A few of those touches took some convincing. Giada says she was told several of her favorite menu items wouldn’t work. “Everything had to have meat. My vegetable Bolognese? No, it has to be meat,” she says. “I said, ‘It’s going to be vegetables and that’s that.’ My lemon spaghetti? They didn’t think anyone would order that. And the branzino, the lightest thing on the menu, they said would never sell. I said, ‘Give me six months.’ And you know what? No. 1 sellers across the board.” Giada has been dedicated to creating a different experience from the traditional big Vegas restaurant from day one.
Building her first restaurant while negotiating Caesars’ corporate climate was challenging, “to say the least,” she says. “I have a vision of my brand and my food, and [maintaining that] isn’t something that just happens at the restaurant; it happens any time I do anything. Some people had a lot of confidence in my abilities, and others came on board later who were more skeptical. I was going into these big board meetings with all these men, trying to convince them this little Italian girl can actually make something work.”
Oh yeah, there’s that—she’s a woman. Very small, quite pretty. Giada is well aware she doesn’t look like other chefs on the Strip. But this challenge is a familiar one.
“When I started on television most people thought I was just some cute girl that decided to get put on television to sell Italian food,” she says. “Give her a couple of recipes and have her pretend and she can be a little actress. It didn’t help that my family was in the movie biz.” Her grandfather was the legendary film producer Dino De Laurentiis. Huge movie posters decorate Giada’s restaurant, which feels like a massive living room, and many of the bar’s cocktails are named after his films. “That didn’t legitimize me in any way. But I figured if I can sustain and show them over time, they would have to take me seriously. They can get to know me.”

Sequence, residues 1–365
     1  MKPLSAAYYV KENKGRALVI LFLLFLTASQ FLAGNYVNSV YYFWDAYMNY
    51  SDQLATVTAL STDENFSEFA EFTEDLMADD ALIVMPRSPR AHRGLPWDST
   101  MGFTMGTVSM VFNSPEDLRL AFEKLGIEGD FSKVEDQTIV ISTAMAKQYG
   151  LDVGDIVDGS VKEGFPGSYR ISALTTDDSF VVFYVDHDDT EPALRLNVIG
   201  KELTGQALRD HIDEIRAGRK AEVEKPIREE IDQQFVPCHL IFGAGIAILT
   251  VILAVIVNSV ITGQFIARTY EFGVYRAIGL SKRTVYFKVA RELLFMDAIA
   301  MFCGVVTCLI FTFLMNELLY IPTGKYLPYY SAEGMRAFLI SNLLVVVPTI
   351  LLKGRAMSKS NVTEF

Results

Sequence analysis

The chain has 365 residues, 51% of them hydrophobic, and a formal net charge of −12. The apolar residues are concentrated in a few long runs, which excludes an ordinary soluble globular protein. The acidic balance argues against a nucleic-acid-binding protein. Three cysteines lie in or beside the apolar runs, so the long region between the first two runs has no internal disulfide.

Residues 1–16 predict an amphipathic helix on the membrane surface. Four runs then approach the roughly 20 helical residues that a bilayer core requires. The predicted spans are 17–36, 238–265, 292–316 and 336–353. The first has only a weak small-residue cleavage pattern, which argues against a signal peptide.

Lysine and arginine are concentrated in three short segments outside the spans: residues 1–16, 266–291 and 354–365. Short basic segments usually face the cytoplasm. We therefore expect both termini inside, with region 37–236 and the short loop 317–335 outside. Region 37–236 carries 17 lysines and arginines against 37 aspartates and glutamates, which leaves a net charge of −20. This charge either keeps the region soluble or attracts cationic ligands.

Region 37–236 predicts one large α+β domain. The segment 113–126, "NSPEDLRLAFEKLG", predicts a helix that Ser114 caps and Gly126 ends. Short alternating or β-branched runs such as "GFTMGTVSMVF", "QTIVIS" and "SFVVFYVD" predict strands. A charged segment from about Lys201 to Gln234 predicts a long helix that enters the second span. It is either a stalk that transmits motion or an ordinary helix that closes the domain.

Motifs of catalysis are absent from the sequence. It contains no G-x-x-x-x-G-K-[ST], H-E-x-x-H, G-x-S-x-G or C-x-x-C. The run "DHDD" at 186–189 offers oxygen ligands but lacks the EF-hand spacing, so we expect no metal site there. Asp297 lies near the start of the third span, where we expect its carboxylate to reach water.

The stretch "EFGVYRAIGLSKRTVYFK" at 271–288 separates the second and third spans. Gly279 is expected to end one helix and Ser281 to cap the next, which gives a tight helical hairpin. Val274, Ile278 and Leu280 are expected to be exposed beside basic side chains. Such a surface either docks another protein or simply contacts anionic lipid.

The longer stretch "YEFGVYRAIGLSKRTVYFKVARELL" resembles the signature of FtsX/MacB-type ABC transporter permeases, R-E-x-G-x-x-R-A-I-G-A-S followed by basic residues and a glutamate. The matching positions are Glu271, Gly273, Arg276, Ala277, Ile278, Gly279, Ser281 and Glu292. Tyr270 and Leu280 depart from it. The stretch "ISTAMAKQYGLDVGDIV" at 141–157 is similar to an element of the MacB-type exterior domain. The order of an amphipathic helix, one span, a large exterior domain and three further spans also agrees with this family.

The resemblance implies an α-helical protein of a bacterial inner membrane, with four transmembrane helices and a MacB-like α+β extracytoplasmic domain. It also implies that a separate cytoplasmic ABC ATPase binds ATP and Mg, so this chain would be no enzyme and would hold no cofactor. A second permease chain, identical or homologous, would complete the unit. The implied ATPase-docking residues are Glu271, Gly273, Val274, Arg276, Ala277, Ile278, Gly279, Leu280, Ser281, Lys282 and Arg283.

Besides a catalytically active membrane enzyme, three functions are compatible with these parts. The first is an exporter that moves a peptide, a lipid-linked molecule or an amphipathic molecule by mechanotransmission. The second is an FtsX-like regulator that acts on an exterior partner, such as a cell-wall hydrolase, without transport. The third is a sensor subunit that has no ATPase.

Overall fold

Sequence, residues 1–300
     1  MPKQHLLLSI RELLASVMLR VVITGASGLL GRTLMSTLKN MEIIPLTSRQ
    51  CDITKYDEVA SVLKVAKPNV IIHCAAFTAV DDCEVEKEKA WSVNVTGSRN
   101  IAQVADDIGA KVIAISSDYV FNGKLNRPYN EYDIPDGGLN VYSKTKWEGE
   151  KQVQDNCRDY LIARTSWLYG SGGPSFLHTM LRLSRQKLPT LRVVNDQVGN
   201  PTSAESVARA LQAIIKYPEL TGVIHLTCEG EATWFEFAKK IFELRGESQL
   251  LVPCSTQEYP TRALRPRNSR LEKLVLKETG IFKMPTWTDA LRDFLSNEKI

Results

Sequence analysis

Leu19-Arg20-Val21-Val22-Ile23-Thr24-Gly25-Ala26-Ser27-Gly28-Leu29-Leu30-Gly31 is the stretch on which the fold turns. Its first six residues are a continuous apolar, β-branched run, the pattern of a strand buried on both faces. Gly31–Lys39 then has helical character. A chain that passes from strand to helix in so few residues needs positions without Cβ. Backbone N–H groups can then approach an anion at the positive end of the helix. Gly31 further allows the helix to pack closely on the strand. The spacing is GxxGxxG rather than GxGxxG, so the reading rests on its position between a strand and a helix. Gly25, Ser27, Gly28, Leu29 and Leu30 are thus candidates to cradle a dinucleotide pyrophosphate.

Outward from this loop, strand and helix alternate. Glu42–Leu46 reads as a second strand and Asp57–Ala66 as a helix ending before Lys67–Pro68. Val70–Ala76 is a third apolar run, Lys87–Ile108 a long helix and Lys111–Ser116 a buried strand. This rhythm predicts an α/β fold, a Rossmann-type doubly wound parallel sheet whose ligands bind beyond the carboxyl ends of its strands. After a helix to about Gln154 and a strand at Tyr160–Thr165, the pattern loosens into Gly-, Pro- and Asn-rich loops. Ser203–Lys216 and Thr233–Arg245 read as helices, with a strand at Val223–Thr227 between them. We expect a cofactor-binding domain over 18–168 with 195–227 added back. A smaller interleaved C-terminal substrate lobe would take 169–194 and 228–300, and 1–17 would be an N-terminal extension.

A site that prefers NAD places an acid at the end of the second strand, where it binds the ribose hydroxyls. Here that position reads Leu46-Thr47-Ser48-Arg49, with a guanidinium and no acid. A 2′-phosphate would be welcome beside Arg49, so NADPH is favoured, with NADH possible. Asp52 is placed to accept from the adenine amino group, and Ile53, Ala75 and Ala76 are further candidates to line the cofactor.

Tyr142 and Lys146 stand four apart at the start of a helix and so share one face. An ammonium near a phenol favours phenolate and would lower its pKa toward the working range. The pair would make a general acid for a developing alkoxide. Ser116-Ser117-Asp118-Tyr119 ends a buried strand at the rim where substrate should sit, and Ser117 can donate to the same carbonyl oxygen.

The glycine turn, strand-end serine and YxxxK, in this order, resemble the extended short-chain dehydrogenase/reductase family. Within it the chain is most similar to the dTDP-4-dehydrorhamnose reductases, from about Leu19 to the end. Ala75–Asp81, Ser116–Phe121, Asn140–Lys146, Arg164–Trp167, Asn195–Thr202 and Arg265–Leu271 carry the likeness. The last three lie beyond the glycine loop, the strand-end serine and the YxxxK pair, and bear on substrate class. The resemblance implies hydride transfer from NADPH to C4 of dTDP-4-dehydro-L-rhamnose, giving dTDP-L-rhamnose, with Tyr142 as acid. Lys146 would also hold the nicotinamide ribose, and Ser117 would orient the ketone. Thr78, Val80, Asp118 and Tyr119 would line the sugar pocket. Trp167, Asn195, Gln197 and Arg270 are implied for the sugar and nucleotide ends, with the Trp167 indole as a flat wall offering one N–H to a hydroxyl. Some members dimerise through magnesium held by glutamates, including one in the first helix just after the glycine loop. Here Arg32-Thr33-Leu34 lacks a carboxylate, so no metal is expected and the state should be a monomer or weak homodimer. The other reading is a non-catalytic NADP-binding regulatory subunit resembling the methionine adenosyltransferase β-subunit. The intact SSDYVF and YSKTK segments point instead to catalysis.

There are only two other famous female chefs with restaurants on Las Vegas Boulevard, and they are business partners—Mary Sue Milliken and Susan Feniger at Border Grill.
“There’s no question—it is a man’s world when you’re talking about Las Vegas,” Feniger says. “It’s never gotten in my way, and I always felt like we’ve been treated respectfully, but there is definitely that thing and you feel it.” Feniger and Milliken are independent operators, so their casino bosses are landlord-partners, but Feniger does wonder why more female restaurateurs and chefs haven’t found investment from casinos.
“My first question was why aren’t there more women here, and [the answer] was, ‘We don’t think anybody can draw,’” Giada says. “There’s just more confidence in a male chef, because male chefs have been successful here.”
Giada differs from the Border Girl duo because she started in media and then did the restaurant, and they did the opposite. So when she decided to try Vegas, she had to prove herself as a chef, again; as a restaurateur, for the first time; and as a capable businesswoman, always. “This is a boys club. Women don’t usually get let in very easily, ever,” she says. “But I will tell you I have good friends that are big-time chefs here and in other places that are surprised and somewhat impressed. I truly work hard. I come here and force them to tell me everything and force myself into this world and make sure they don’t just take my name, and hopefully that shows in the experience.”